Palette swap

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A palette swap is a practice used in video games whereby a graphic that is already used for one element is given a different palette, so it can be reused as other elements. The different palette gives the new graphic another set of colors, which makes it recognizably distinct from the original.[1][2] Palette swaps are commonly used to distinguish between first and second players, for creating visual hierarchies, and for making visually distinct areas for levels in games.


One reason palette swaps are used is to save memory. In early computer gaming, when cartridges were the main storage medium and memory capacity was both scarce and expensive, a single sprite could be reused by changing its palette. As such, many new objects could be created without the need to produce new graphics from scratch, which saved both production costs and development time. Early games in the Mortal Kombat series frequently introduced new ninja characters via palette swapping as both a cost-cutting and memory-preservation measure. More generally, palette swaps are common in sports games, in which the color scheme of opposing players is used to differentiate between teams.

In certain cases, such as role-playing video games, palette swaps are used to signify a character's status. Prominent examples of this are seen in Final Fantasy, in which a player character afflicted with the "Poison" Status effect will appear purple. In other games, such as Dragon Quest IX or Dark Cloud 2, palette swaps are used for mobs to distinguish higher level enemies. By contrast, the main characters of Breath of Fire II occasionally swap their palette colors to indicate an increase in their respective statistics. In Mario Bros., Wrecking Crew, Super Mario Bros., Super Mario Bros. 3, Super Mario World, Super Mario Bros. Deluxe (except in the Super Mario All-Stars versions of the latter three, as well the Super Mario Advance series), Mario is Missing! (NES and SNES versions), Hotel Mario and Super Mario World 2: Yoshi's Island, Luigi is a palette swap of Mario. In NES games such as Metroid, The Legend of Zelda, and Castlevania, palette swaps are used to distinguish stronger enemies.

In Mortal Kombat, Scorpion, Sub-Zero, and secret character Reptile were palette swaps of each other, using yellow, blue and green, respectively, Reptile was created mixing Sub-Zero and Scorpion. In Mortal Kombat II, Kitana, Mileena, and secret character Jade were palette swaps of each other, using blue, purple and green, respectively, also Smoke and Noob Saibot were added as grey and black ninjas, as palette swaps of the another ninjas (Sub-Zero, Scorpion and Reptile). Mortal Kombat 3, Ultimate Mortal Kombat 3, and Mortal Kombat Trilogy introduced multiple palette swaps including Cyrax, Sektor, Cyborg Smoke (all of the cyborgs were palette swap of each other, using red, yellow and blue), Ermac, and Rain, the latter was created mixing Sub-Zero and Ermac, better said, blue plus red, because Rain has a purple suit. In MK3, Noob Saibot was created using a palette swap of Kano painted in black, due to absence of ninjas, but this was edited in UMK3, returning to his ninja form, almost the same were with Sub-Zero and Smoke, at the same time Scorpion and Reptile had been returned, and Ermac and Rain made their own debuts. In MKT, debuted two new characters: Chameleon, who interchanges colour from the male ninjas (Rain, Ermac, Reptile, Scorpion, Classic Sub-Zero, Human Smoke and Noob Saibot), and Khameleon, who interchanges colour from the female ninjas (Kitana, Mileena and Jade), both of them are semi-transparent; in the same game, also there was intended including Tremor, another male ninja which uses colour brown, but this character was scrapped and appeared later in Mortal Kombat: Special Forces.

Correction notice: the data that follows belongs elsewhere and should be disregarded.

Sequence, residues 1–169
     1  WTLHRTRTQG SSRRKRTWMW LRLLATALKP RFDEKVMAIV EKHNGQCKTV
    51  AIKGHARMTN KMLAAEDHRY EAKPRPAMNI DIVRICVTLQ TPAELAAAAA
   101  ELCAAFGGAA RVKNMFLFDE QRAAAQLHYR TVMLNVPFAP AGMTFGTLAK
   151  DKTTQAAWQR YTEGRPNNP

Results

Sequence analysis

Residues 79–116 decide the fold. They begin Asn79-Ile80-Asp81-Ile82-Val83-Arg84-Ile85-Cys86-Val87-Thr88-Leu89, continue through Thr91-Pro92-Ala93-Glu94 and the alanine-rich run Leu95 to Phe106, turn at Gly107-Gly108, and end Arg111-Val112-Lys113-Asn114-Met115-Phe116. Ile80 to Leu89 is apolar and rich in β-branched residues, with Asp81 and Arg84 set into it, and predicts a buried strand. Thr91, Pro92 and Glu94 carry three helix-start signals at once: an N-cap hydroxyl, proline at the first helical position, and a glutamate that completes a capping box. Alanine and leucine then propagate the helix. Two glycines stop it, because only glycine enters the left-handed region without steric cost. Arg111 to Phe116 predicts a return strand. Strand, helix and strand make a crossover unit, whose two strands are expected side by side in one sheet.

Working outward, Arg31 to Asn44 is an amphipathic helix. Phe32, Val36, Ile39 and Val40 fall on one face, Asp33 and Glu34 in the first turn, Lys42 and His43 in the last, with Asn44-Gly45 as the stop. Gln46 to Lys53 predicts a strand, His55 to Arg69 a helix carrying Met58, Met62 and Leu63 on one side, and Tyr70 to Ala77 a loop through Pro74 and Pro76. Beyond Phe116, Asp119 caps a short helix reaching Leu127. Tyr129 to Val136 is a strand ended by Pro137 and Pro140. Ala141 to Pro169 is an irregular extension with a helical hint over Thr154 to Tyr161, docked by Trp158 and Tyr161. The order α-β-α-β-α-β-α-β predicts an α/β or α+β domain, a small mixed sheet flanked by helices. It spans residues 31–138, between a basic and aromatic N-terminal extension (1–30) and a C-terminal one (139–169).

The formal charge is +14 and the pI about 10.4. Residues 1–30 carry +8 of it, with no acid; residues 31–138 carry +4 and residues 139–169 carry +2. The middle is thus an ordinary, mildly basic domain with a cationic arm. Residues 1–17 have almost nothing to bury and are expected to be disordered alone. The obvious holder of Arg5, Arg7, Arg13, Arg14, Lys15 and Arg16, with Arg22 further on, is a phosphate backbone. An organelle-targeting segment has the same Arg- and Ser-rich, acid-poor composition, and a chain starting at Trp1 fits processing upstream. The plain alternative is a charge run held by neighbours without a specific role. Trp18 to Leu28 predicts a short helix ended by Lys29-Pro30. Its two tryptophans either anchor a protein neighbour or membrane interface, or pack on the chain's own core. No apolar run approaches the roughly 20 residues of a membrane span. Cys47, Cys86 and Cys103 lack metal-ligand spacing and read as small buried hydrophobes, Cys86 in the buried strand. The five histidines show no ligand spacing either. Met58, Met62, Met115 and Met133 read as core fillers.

In the Pokémon franchise, palette swapping is used to give some Pokémon a different coloration than the rest of their kind. As these Pokémon often have sparkling visual and audio effects, they have been named "Shiny Pokémon".

See also[edit]


  1. ^ "Palette Swapping". Archived from the original on 27 August 2019. Retrieved 21 October 2017.
  2. ^ "How to Use a Shader to Dynamically Swap a Sprite's Colors". Retrieved 21 October 2017.

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